For most of us, the most familiar 3D printing use case will probably be a significant one in the design world: iterating through a design concept. It’s highly likely that many design hemispheres, including product design studios, furniture shops, and metalworking shops will soon make use of 3D printing in some parts of their workflow, especially if the technology becomes more user-oriented and accessible.
It’s not a stretch to think a machine that can produce accurate prototypes very quickly will be used to offer tighter feedback loops between designers and customers in all kinds of design-centric industries.
The applications in medicine are far and many. They run the gamut from “distant dream” to “near-reality”.
Of course, when medical professionals discover a technology capable of producing customized, organic forms with some degree of precision, they decide to manufacture some human organs. It’s only natural.
Currently, bioprinting is used to manufacture relatively simple human tissue, like cartilage or skin, and mostly for research purposes. In the near future, though, more complex structures will likely be possible.
That said, bioprinting will likely run into many ethical hurdles in the next few years, so it won’t become commonplace for a while. Besides, the technology has a ways to catch up before it’s capable of making tissue that will be part of a living human being. In research labs, however, expect bioprinting to be commonplace for the manufacturing of standardized test samples.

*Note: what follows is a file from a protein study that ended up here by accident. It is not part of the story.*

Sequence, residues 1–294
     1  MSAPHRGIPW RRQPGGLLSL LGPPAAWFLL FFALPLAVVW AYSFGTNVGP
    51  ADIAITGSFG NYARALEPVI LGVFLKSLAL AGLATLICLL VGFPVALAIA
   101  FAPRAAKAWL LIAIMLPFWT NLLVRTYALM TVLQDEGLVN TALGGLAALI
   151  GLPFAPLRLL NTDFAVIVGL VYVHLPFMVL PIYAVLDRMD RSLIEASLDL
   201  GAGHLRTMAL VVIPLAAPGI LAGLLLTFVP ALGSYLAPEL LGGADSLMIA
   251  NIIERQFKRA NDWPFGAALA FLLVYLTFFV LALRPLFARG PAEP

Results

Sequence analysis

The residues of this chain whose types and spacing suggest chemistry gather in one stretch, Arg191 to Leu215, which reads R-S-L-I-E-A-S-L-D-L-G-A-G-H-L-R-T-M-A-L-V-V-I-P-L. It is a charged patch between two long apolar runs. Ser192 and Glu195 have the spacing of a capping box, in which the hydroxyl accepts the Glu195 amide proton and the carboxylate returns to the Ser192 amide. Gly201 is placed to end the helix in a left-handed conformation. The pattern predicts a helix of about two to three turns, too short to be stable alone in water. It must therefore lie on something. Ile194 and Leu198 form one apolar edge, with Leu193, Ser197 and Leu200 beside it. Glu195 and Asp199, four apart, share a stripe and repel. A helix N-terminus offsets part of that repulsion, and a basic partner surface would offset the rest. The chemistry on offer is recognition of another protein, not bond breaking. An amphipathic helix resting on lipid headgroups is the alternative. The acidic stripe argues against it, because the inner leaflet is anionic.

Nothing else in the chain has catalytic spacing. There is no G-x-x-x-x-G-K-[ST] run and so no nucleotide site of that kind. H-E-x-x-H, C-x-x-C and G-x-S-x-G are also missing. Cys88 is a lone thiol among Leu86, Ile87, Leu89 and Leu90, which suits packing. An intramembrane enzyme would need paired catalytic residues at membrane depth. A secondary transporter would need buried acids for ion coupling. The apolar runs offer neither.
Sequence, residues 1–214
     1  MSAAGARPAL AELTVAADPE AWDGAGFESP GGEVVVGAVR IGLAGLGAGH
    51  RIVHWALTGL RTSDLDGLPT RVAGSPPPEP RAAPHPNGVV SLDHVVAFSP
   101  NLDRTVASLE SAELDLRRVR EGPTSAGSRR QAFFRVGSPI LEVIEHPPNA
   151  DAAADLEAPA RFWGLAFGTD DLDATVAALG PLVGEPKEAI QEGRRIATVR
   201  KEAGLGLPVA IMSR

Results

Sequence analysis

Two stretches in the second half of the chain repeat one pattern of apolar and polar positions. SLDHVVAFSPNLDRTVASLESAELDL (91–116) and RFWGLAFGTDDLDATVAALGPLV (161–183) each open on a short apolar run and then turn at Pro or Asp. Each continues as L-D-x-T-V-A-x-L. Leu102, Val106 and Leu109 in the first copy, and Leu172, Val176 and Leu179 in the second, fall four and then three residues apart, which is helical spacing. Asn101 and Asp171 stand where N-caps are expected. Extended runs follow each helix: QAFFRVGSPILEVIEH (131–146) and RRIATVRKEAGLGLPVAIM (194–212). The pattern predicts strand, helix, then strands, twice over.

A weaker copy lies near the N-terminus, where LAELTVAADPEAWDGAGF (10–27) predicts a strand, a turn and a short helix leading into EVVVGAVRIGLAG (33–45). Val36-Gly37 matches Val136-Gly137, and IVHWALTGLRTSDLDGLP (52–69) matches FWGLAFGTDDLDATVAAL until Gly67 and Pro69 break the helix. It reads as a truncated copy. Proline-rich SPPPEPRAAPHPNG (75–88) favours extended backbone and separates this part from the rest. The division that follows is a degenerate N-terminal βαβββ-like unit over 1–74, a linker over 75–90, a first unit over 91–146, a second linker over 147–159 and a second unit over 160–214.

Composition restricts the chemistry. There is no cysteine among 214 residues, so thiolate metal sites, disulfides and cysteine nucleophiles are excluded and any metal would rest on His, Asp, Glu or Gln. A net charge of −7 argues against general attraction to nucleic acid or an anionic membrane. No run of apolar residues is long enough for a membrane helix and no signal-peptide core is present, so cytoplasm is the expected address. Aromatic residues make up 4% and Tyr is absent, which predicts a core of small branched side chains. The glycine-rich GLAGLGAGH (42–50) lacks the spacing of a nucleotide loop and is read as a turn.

Many professionals already use this technology to produce durable, customized parts, and prosthetics are a great example of such an application. Not only is production quick, but the designs can also be easily shared and tweaked to provide the best value to patients.
3D printed prosthetics are already pretty common, with projects like e-NABLE gaining traction around the globe. In the next few years, expect to see customized prosthetics in more professional use cases, like the Paralympics.
Recently, scientists have designed and distributed compact rigs that can manufacture a single type of drug, which would create a distributed production scenario. Technically, in this case, the drugs themselves wouldn’t be 3D printed, per se. What we’re talking about here are “3D printed chemical reaction vessels”, which are responsible for making the drugs. This type of apparatus is called “reactionware” by some researchers.